The paper introduces covariance-controlled adaptive Langevin thermostat (CCAdL) a Bayesian sampling method that is based on stochastic gradients (SG) and aims to account for correlated errors introduced by the SG approximation of the true gradient. The authors demonstrate that CCAdL is more accurate and robust than other SG based methods.

Submitted by Assigned_Reviewer_4

Q1: Comments to author(s). First provide a summary of the paper, and then address the following criteria: Quality, clarity, originality and significance. (For detailed reviewing guidelines, see http://nips.cc/PaperInformation/ReviewerInstructions)
Paper Title: Covariance-Controlled Adaptive Langevin Thermostat for Large-Scale Bayesian Sampling

Paper Summary: This paper presents a new method (the "covariance-controlled adaptive Langevin thermostat") for MCMC posterior sampling for Bayesian inference. Along the lines of previous work in scalable MCMC, this is a stochastic gradient sampling method. The presented method aims to decrease parameter-dependent noise (in order to speed-up convergence to the given invariant distribution of the Markov chain, and generate beneficial samples more efficiently), while maintaining the desired invariant distribution of the Markov chain. Similar to existing stochastic gradient MCMC methods, this method aims to find use in large-scale machine learning settings (i.e. Bayesian inference with large numbers of observations). Experiments on three models (a normal-gamma model, Bayesian logistic regression, and a discriminative restricted Boltzmann machine) aim to show that the presented method performs better than stochastic gradient Hamiltonian monte carlo (SGHMC) and stochastic gradient Nose-Hoover thermostat (SGNHT), two similar existing methods.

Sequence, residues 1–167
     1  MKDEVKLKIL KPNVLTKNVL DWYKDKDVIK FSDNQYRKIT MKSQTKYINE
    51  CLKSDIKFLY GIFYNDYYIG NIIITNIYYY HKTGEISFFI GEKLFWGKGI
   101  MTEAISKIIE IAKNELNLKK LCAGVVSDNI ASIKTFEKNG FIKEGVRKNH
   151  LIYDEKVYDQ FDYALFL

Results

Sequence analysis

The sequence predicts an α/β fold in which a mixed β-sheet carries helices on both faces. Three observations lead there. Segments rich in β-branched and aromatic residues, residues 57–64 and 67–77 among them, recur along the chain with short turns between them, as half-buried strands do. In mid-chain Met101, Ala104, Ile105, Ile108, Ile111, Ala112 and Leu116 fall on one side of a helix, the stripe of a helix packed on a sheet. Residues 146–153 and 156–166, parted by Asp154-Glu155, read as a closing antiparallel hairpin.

- I feel that this paper proposes a valid contribution to the area of stochastic gradient MCMC methods, and does a good job putting this method in context with similar previous methods (SGHMC and SGNHT). However, one detriment of this paper is that it is somewhat incremental, both in terms of ideas and the results shown.